Firearm sales are brisk across the country as weapons dealers lure poverty stricken Yemenis to sell off their personal guns.
TAIZ, Yemen— Like most Yemeni teachers in the northern provinces, Ayman Mamoon, 54, has not received his salary for a year and half. He has already sold his wife’s jewellery to support seven family members. Now that the money from the sale has gone, he has had to sell another valuable family possession.
After much thinking, Mamoon decided to sell one of two rifles he inherited from his father – as the price of a gun was equivalent to nine months' salary.
Owning firearms is a source of pride among Yemenis. And selling them off carries deep shame. Yemenis use firearms at weddings and other occasions, firing them in the air to mark the celebrations. But Mamoon, casting aside social norms, sold his weapon off to buy desperately needed food for his family.
"I hesitated before selling my rifle, but there was no other choice to get money, so I decided to sell it and face the criticism of the society," Mamoon told TRT World.
Mamoon took one of the rifles and went to sell it at Al Turba market, 70 kilometres from Taiz city. He received for $960 (YR450,000) it, which was enough to buy basic food supplies for ten months.
"I am so lucky that I inherited two rifles as they help me to overcome the suffering of the life and I do not worry about the future because I still have another one," he said.
Mamoon stated that some of his neighbours denounced him for selling the rifle, but once he explained the reason, they understood.
Before the war there were at least 60 million pieces of arms owned by civilians in a country of less than 25 million people; Yemeni fathers would pass them down to their sons or buy them from markets.
There are still some old markets in several provinces in Yemen where people can buy and sell arms; Juhannah market in Sana'a province is one of the largest.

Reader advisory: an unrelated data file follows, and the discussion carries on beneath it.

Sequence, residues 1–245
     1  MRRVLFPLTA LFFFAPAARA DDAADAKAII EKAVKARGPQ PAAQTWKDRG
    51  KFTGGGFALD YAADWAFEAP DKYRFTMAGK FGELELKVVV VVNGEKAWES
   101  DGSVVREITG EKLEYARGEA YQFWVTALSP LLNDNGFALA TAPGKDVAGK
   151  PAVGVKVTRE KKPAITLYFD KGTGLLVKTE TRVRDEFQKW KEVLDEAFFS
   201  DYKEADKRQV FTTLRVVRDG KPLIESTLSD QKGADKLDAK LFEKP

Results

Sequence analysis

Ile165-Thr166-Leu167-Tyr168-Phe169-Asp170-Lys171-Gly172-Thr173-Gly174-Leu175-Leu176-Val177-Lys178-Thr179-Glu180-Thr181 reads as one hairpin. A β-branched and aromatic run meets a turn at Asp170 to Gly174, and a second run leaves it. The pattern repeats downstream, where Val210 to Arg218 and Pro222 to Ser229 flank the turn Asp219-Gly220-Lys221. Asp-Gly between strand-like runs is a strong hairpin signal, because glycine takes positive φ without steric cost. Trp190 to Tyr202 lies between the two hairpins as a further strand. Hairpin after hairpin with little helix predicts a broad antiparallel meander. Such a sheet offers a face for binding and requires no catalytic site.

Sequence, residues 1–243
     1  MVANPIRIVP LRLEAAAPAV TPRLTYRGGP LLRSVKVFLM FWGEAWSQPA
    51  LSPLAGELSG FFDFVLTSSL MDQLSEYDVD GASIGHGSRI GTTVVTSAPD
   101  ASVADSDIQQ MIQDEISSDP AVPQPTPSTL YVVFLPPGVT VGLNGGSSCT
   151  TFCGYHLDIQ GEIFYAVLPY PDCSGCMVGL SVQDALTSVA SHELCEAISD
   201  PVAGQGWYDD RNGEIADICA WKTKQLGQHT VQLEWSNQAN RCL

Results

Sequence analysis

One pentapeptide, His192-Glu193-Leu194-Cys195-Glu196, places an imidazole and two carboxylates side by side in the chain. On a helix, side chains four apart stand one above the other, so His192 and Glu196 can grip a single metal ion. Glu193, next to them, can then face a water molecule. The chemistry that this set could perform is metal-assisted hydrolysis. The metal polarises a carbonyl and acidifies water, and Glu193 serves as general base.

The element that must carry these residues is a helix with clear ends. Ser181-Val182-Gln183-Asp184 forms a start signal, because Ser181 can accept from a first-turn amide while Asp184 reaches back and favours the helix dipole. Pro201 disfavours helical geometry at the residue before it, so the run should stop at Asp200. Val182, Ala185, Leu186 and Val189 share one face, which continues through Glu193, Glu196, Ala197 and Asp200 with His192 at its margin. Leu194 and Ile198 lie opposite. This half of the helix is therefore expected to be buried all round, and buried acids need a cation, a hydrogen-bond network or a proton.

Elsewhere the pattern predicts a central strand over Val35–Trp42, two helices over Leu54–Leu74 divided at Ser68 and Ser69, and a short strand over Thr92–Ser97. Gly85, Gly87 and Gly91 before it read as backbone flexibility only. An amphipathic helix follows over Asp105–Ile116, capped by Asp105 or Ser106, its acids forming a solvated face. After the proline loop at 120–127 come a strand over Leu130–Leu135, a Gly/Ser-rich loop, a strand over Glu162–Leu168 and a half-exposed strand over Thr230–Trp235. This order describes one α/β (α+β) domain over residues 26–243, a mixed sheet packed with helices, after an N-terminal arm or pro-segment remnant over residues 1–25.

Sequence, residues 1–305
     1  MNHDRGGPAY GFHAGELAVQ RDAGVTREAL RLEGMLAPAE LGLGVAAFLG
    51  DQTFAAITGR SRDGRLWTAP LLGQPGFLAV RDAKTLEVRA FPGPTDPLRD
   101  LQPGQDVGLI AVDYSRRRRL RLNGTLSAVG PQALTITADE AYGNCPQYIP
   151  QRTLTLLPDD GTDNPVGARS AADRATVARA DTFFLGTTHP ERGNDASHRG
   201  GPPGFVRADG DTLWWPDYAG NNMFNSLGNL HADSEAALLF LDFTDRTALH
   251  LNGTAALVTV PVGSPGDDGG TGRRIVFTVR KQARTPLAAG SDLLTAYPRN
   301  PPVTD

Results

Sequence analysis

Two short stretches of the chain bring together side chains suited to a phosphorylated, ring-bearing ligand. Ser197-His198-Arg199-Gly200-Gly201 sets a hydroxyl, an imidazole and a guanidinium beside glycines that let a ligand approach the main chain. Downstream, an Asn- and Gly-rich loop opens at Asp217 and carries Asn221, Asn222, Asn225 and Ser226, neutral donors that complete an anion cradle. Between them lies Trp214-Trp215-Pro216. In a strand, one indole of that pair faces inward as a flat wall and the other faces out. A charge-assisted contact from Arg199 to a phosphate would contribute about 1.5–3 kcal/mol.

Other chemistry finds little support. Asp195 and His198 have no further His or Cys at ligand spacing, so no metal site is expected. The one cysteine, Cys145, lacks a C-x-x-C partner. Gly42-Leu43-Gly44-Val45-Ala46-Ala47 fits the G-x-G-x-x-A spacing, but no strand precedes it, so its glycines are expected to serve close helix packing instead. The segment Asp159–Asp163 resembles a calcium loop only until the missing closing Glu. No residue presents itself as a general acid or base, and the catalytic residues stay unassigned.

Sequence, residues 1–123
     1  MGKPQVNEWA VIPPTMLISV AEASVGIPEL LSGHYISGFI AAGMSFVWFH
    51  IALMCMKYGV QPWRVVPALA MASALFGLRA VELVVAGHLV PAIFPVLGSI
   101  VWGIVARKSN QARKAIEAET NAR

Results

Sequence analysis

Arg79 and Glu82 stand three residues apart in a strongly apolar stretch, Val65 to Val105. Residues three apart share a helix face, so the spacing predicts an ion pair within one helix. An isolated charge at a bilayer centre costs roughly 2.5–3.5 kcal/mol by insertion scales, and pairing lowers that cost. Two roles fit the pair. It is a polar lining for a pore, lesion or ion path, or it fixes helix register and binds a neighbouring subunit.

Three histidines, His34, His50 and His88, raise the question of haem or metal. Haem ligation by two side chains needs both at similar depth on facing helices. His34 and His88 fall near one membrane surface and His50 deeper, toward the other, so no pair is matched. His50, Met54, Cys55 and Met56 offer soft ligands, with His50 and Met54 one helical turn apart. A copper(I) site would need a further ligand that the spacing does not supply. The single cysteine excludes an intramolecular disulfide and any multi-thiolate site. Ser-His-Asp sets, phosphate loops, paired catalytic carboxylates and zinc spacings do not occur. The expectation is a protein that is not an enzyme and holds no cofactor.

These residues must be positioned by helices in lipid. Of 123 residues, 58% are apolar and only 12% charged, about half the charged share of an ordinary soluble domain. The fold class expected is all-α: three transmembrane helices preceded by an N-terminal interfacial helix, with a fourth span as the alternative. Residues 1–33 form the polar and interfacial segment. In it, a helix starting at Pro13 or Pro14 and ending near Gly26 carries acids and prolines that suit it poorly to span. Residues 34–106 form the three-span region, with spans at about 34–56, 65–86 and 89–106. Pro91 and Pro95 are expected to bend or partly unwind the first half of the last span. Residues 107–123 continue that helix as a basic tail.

For rich Yemenis, owning finely wrought, valuable guns is a high-status symbol.
Abdul Hakeem al Massani used to work as an accountant before the war, so he bought an expensive rifle. But when the war broke out, he lost his job and his situation gradually worsened until he became impoverished.
"After I lost my work and I did not get any chance to work, I decided to sell my rifle," Massani told TRT World.
He sold his rifle for $1,280 (YR600,000) and opened small shop that helped him earn $2 (YR1,000) per day.
"I am sorry about my rifle but I am also happy that I had a rifle to sell," he said.
Fighting fuels gun trade
During the last three years of war, the arms trade throve in Yemen because of the economic crisis, and guns doubled in price.
An arms dealer in Taiz city who wished to remain anonymous said that more and more people had been selling their arms in the last three years, "There are more people are selling their personal arms because they do not have a regular income, so they resort to selling their personal arms that they inherited them or bought them when they were rich people."
This dealer who took over his father's business has more than 15 years' experience in the trade. For him, the spike in arms prices is unprecedented.
He says business is brisk because there is demand both residents and fighters.
"I buy arms from residents and sell them either to rich residents or to fighters but I sell most of them to new fighters of the Popular Resistance who want to join the battle," the dealer said.